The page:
What Happens If the U.S. Defaults on Its Debt?
Day nine of the government shutdown. Still no end in sight.
For 800,000 or so furloughed federal employees, this is tough. For most Americans, it's a mere annoyance.
But that could change in the coming weeks. Unless Congress lifts the nation's self-imposed debt ceiling, the Treasury will have less than $30 billion cash on hand on October 17, which will be wiped out quickly. According to the Bipartisan Policy Center, the Treasury will owe a $6 billion debt interest payment on October 31, $43 billion in Social Security and Medicare payments on November 1, and $29 billion in interest due on November 15. That makes defaulting on our debt frighteningly real.
Some say, no problem: The Treasury still brings in enough cash per year and per month to pay interest on the debt. But this misses the point that what matters is day-to-day cash flow. And there are plenty of days when the Treasury takes in far less than $10 billion in tax revenue. With reserves dried up and faced with an interest payment in excess of daily revenue, the country could indeed be forced to default if barred from borrowing more. This has little to do with deficits and lots to do with day-to-day cash-flow mechanics. Even immensely profitable companies utilize debt to bridge short-term cash-flow gaps.
The odds are still overwhelming that the debt ceiling will be raised and default avoided. But more serious investors are asking what was once an unthinkable question: What would happen if America defaulted on its debt?
A group of Congressmen responded this week with a shoulder shrug. "I understand Wall Street makes their money on trading these Treasuries, but Main Street? This has no impact on them," said Congressman Tim Huelskamp. "I think, personally, it would bring stability to the world markets," Congressman Ted Yoho explained when asked why he won't vote to raise the debt ceiling.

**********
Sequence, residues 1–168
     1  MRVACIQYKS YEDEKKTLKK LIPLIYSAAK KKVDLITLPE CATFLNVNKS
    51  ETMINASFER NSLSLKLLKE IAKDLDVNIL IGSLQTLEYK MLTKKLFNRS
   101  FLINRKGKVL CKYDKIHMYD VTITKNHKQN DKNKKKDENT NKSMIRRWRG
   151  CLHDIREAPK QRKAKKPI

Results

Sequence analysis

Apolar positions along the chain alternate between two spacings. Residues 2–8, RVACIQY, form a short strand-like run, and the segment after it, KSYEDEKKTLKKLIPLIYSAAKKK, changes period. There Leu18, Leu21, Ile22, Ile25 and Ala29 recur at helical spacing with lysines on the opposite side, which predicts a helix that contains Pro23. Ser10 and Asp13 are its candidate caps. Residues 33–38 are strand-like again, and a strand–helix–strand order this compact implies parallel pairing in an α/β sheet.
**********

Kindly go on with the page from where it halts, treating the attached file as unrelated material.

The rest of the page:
The U.S. hasn't defaulted on its debt in more than 200 years (save for a brief computer glitch in the 1970s). No one has any idea what will happen if default occurs because there is no precedent for it.
But to brush off a possible default as no big deal is outrageous. You don't need a deep imagination to picture it as something akin to the 2008 financial crisis on methamphetamine.
There are two things to keep in mind about Treasuries.
The global financial system is built on credit. That's just the way it is. And credit needs collateral. Lenders prefer safe collateral, and Treasuries are considered the gold-standard, "risk-free" asset. They are basically the cornerstone of the global financial system. According to Bloomberg, at least $2.8 trillion in Treasuries act as collateral in short-term lending markets.
Imagine you took out a $1 loan backed by $1 of Treasuries. You'll repay the $1 loan with cash you receive when your $1 of Treasuries are paid off by the U.S. government. But then, the government decides to default. Maybe it's only in default for a day or a week. But it means you can't repay your $1 loan on time. That means your banker comes knocking, forcing you to sell, say, your stocks, or your house. If you have nothing else to sell, the banker gets into trouble. Then his creditors come knocking. They want their money back. But your banker's assets are in Treasuries, too. Now those are in default. So your banker's banker is in trouble. And around we go -- until the credit market grinds to a halt, and you have an utter disaster on your hands.